Waterbury brothers Rory (left) and Ryan (right) Van Tuinen felt hopeless in the face of addiction, depression and isolation. Then, an experience with plant-based medicine changed their lives forever.

Editor’s Note – Part 1 of this story appeared in the November 19 issue of The Valley Reporter. Find it online HERE

Now, Ryan and Rory have a nonprofit organization called Cultivating Connections in which the brothers urge policymakers and state representatives to pursue connection-based treatments rather than medically-assisted treatments that “solve” addiction and mental illness by pumping patients full of psychologically numbing drugs.

Drawing on the rat-in-a-cage metaphor, Ryan said, “You don’t have to put a different drug in the water. You just have to create an environment that fosters avenues for connection. That means creating connections with ourselves, with other people and with the community.”


Luckily for Ryan and Rory, they have been able to completely reinvent their daily lives in a way that cultivates the meaningful relationships they need to stay happy and clean. To start, the brothers have a podcast, also called Cultivating Connections, in which they express their most intimate thoughts and feelings and discuss how those emotions shape their present experience. “The point of the podcast is to be vulnerable,” said Ryan.


Moreover, the brothers have created a weekly connection practice in which every Sunday they hike into the woods with some close friends and engage in a series of self-made connection- based rituals. While these rituals sometimes involve marijuana, no psychedelics are involved. “I haven’t used psychedelics again,” said Rory.

Every Sunday, the boys meet up and talk for about 15 minutes and then they hike to their special spot in the woods. Next, they sit in a circle and talk for a few minutes before ringing a bell to signal the start of silent time. “We sit with whatever comes up and try best to accept it and let it go,” said Ryan.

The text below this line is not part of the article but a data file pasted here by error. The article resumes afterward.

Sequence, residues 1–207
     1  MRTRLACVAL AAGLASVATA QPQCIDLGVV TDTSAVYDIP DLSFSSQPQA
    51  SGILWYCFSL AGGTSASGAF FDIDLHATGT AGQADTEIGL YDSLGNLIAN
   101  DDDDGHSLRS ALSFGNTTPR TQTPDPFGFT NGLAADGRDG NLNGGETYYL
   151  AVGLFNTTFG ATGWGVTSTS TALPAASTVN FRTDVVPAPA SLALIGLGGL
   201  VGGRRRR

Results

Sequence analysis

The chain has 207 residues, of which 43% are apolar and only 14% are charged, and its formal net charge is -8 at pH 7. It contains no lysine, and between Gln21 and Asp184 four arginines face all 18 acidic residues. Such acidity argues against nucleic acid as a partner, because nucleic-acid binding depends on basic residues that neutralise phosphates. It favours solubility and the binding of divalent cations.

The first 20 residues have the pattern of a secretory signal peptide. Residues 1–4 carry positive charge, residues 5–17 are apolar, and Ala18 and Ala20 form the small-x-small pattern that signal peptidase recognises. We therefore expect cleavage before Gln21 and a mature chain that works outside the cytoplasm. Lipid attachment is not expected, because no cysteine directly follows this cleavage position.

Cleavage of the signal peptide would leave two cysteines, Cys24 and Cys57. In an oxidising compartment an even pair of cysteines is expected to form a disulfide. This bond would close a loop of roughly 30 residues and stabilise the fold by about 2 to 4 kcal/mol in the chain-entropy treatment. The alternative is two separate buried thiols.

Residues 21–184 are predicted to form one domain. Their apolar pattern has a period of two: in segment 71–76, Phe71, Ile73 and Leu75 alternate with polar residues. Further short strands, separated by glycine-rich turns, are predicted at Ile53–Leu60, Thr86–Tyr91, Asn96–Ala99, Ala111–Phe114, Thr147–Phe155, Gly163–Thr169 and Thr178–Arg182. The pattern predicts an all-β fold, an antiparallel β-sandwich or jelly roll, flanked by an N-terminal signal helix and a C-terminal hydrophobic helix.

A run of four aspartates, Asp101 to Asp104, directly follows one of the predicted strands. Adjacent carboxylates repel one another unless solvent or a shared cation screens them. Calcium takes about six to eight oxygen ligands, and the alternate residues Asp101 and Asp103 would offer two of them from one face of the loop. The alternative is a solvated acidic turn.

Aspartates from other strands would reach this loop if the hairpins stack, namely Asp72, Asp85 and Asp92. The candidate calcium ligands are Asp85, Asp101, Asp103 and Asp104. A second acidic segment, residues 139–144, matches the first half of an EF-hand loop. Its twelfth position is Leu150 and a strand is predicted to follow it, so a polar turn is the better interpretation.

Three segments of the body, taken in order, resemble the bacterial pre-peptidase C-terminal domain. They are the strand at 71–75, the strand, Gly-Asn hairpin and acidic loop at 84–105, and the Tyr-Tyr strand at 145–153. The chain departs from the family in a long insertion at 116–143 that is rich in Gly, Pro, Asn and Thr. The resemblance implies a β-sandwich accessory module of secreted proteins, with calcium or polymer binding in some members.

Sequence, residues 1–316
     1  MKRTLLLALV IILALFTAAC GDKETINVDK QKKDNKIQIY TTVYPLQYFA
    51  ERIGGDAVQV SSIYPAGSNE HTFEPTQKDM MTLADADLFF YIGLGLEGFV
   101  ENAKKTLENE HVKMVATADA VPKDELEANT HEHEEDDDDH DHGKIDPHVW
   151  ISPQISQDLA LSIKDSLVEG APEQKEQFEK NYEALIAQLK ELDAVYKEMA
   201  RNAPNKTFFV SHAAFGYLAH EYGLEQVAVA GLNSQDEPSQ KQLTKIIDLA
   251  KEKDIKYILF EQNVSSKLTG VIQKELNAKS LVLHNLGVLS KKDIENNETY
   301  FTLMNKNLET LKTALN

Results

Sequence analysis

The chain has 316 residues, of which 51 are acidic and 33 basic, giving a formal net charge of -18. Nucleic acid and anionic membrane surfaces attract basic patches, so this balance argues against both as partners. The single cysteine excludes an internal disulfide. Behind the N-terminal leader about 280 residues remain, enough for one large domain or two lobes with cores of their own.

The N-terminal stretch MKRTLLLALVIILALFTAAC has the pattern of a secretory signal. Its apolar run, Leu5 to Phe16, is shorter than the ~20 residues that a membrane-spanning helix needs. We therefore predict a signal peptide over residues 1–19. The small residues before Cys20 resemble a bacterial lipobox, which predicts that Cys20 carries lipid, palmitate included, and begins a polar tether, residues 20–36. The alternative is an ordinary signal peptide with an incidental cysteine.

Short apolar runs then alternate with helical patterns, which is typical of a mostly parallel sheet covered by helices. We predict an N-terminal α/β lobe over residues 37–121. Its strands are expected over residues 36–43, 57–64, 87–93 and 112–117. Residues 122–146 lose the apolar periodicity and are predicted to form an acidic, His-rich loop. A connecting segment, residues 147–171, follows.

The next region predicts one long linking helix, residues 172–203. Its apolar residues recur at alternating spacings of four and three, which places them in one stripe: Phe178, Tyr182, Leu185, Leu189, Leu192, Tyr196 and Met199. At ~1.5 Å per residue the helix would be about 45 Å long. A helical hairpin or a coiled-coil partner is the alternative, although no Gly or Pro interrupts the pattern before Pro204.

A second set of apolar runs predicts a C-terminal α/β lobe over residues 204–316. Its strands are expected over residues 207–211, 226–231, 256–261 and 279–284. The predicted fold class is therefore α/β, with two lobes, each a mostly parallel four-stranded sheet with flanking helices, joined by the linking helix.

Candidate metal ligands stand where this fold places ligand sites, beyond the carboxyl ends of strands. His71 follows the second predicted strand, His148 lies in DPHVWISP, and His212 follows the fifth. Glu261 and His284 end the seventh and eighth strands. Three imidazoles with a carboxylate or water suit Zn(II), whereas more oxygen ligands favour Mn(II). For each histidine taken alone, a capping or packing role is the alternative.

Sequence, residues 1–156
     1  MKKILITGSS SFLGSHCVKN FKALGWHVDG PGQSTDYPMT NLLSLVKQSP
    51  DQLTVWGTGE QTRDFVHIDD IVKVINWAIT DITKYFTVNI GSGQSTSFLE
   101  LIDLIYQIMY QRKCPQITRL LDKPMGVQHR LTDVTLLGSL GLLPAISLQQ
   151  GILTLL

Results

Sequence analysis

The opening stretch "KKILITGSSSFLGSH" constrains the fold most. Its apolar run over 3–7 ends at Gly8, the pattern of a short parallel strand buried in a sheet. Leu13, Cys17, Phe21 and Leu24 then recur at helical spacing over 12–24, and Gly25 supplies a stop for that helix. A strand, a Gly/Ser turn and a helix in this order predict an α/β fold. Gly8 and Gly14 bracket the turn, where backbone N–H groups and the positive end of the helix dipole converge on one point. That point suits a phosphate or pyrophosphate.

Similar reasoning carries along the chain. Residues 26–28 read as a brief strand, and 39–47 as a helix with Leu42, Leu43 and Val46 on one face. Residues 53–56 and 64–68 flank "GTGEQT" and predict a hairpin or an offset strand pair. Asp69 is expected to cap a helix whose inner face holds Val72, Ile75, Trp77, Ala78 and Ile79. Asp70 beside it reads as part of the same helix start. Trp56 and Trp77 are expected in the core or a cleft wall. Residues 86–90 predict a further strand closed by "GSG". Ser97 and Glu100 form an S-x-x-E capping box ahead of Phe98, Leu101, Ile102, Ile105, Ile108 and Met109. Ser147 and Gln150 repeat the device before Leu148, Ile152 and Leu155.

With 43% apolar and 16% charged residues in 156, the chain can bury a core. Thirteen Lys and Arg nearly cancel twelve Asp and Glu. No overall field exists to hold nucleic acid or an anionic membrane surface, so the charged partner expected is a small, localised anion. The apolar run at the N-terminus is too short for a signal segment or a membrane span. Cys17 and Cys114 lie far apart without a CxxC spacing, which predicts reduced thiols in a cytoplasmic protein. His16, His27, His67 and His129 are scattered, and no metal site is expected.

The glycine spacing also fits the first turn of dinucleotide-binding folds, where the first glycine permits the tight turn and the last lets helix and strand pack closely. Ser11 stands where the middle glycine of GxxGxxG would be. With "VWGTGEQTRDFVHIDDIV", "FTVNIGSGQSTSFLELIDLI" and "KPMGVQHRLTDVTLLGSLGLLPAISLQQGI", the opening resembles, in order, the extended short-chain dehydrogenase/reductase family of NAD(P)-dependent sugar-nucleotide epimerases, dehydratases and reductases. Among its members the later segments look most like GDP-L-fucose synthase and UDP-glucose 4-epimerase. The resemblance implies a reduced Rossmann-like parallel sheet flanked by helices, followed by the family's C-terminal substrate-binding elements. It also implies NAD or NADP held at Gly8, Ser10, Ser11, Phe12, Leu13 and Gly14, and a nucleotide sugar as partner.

Meanwhile, the boys have their eyes open. They look at each other, gazing into one another’s eyes for up to 20 minutes. Then they ring the bell again to signal the end of the silent period and let people speak. Taking turns with a talking stick, everyone shares their thoughts until it’s time for another round of silence and eye gazing. They repeat this ritual over the course of two to three hours.

“If we really want to tackle this opioid addiction and mental health crisis, we need to establish more ways to connect,” said Ryan, who believes connection can take many different forms. “It could be a community center where people get together and take classes for free or share stories. That’s what our community is missing.”


The brothers’ new found openness to connection and vulnerability through rituals has forever changed their lives. Or, as Ryan said in a heartwarming Freudian slip, their one “life.”


“Seeing how our life has changed, we realized how valuable it is. Confronting those uncomfortable emotions and feeling them has provided so much more value in our life. We feel the love and gratitude of life even more than ever,” said Ryan.

Ryan recalled one day when Rory was not at the Sunday ritual, because he was in rehab with the intention of getting off methadone, the prescription opioid used to treat heroin addicts via opioid maintenance therapy. While the boys were in their ritual setting, Rory called to let them know he’d gotten off methadone, cold turkey. 

“That was the most empowering moment in my life,” said Ryan, turning to look at his brother. “And it wasn’t even something that I did, it was something that you did that empowered me so much,” said Ryan.

“That’s how empowerment works,” responded Rory.

“And that’s how connection works,” Ryan said. “Connected, we can overcome anything, really.”